* Progress Illinois reports on a Monday Chicago protest…
Fair Economy Illinois wants lawmakers to take up their “People and Planet First Budget” plan, which seeks to raise $23 billion in annual state revenue by enacting a graduated income tax, closing various corporate tax loopholes and passing a LaSalle Street tax on financial transactions.
Activists say the revenue could be invested in education, health care, infrastructure, human services, public pensions and green energy development
Jason Gonzales, who lost to Illinois House Speaker Michael Madigan in the primary election, was at the protest.
In an interview with Progress Illinois, Gonzales blasted Madigan for “participating in the ability for companies like Exelon and others to dodge their tax responsibility.”
“I believe Exelon and others need to pay their fair share,” Gonzales said.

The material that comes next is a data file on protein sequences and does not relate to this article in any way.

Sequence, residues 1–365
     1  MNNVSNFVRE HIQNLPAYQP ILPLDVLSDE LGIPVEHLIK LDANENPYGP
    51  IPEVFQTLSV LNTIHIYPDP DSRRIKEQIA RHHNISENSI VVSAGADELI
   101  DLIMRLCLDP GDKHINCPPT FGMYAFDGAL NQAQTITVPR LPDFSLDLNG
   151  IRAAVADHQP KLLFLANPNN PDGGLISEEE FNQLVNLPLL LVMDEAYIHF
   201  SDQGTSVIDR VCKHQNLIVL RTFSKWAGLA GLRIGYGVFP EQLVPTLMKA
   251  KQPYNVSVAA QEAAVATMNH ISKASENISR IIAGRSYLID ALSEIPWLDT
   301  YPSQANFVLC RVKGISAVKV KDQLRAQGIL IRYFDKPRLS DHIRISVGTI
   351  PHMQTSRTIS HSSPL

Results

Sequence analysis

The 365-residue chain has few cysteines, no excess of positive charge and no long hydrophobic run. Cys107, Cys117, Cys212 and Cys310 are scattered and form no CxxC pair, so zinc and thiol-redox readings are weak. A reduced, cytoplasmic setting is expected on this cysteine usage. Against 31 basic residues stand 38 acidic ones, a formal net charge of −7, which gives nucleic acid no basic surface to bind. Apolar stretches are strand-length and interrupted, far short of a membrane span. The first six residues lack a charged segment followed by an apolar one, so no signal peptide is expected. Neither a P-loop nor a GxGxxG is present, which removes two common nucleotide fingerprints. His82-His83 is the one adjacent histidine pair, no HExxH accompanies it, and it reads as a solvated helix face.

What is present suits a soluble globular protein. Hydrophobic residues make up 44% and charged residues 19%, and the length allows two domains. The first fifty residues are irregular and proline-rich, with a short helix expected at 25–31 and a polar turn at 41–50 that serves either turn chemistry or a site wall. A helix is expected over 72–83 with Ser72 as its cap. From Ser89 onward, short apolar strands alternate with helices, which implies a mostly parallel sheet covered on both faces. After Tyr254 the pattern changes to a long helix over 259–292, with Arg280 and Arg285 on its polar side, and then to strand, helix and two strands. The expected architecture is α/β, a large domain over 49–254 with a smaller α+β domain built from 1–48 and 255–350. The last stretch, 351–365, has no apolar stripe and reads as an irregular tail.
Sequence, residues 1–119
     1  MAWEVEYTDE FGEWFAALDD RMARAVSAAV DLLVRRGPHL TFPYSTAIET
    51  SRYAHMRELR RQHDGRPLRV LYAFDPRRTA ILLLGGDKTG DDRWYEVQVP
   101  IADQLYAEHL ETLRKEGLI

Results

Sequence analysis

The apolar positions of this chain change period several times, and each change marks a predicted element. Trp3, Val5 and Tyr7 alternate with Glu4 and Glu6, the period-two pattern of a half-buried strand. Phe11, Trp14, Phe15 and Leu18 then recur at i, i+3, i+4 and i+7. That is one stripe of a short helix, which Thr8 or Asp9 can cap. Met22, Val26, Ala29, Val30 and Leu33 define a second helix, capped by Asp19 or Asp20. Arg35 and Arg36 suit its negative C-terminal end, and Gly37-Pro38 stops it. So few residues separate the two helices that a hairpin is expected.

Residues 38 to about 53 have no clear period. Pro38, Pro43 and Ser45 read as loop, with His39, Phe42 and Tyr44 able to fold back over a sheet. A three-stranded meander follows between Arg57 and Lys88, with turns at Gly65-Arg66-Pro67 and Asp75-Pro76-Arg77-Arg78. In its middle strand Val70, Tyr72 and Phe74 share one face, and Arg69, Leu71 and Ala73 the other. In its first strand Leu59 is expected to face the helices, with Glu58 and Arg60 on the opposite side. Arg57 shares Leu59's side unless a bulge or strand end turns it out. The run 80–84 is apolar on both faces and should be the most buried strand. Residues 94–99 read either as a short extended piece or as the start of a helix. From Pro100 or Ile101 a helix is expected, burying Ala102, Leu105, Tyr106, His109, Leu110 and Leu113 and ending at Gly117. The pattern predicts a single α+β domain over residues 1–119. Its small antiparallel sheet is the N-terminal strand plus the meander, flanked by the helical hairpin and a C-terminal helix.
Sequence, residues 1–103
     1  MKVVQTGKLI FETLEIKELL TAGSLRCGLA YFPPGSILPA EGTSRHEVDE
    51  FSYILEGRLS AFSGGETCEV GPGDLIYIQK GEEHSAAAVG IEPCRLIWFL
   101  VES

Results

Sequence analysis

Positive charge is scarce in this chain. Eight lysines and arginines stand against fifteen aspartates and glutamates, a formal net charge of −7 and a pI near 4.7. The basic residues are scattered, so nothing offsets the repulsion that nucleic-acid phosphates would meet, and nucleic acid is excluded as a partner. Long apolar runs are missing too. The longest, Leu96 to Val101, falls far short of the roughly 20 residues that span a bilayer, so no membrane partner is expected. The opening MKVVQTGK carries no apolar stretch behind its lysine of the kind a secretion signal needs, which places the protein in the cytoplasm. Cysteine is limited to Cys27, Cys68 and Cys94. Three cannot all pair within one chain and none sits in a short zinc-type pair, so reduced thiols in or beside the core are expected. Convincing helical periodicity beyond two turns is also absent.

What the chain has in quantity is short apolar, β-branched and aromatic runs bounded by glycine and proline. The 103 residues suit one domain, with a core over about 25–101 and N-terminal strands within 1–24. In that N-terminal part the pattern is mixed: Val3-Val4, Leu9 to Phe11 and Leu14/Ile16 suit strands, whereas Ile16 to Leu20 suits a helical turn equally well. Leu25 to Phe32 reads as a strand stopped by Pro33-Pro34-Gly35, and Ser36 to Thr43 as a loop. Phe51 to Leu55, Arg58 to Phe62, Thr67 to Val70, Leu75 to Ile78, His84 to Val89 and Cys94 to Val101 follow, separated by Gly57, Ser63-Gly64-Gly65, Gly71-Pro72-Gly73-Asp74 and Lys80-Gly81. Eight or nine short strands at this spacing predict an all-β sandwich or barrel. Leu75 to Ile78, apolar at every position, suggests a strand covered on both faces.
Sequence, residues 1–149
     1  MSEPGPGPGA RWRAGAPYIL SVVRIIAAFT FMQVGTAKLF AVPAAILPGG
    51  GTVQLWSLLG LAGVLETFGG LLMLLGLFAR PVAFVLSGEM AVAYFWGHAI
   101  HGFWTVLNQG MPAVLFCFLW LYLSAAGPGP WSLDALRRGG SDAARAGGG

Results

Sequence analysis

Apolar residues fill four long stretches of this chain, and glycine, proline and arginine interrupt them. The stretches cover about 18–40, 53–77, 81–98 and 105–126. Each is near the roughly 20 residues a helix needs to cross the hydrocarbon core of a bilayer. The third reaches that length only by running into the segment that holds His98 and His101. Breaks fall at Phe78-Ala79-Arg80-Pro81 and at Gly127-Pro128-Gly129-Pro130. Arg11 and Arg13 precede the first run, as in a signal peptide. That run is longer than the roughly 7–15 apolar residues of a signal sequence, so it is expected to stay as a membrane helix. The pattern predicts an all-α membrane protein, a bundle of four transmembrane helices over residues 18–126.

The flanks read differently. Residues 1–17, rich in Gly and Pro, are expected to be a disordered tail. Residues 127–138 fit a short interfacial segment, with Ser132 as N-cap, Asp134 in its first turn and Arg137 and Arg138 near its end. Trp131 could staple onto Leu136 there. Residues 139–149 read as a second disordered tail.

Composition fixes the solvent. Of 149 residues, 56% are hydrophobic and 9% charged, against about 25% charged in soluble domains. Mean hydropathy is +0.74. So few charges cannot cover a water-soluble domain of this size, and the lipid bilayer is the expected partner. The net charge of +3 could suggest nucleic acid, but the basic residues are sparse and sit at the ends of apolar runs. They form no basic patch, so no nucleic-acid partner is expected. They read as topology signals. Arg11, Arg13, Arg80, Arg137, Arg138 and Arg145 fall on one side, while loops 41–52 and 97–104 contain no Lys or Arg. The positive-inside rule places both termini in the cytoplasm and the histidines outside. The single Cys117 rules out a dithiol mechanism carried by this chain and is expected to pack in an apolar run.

Asked whether he has any plans to run again, Gonzales said: “I haven’t really decided yet. Honestly, I’m still mulling my political future, but I’m not leaving politics.”
* From Exelon…
Exelon pays our fair share of taxes to the state, and suggestions to the contrary are simply false. Including ComEd, Exelon has more than 12,000 employees in Illinois and is the ninth largest company in the state. We rank among the state’s largest taxpayers, paying $456 million in state and local taxes in 2015. Exelon has made its headquarters in Chicago since its founding and is a major economic engine for the state, investing billions of dollars annually to ensure the Illinois economy is powered by clean, reliable energy. These investments, along with our significant contributions to nonprofit institutions across the state, support thousands of additional jobs in Illinois. Being a good corporate citizen is among our core values, and that includes paying our fair share of taxes to support schools, government agencies and other services that benefit our customers and communities.
Regarding ComEd specifically, today’s protestors misunderstand the impact of tax policies to utility customers. Thanks to the regulated process by which rates in Illinois are set each year, it is ComEd’s customers who benefit from tax decreases, not ComEd. ComEd’s tax decreases are reflected in customer bills.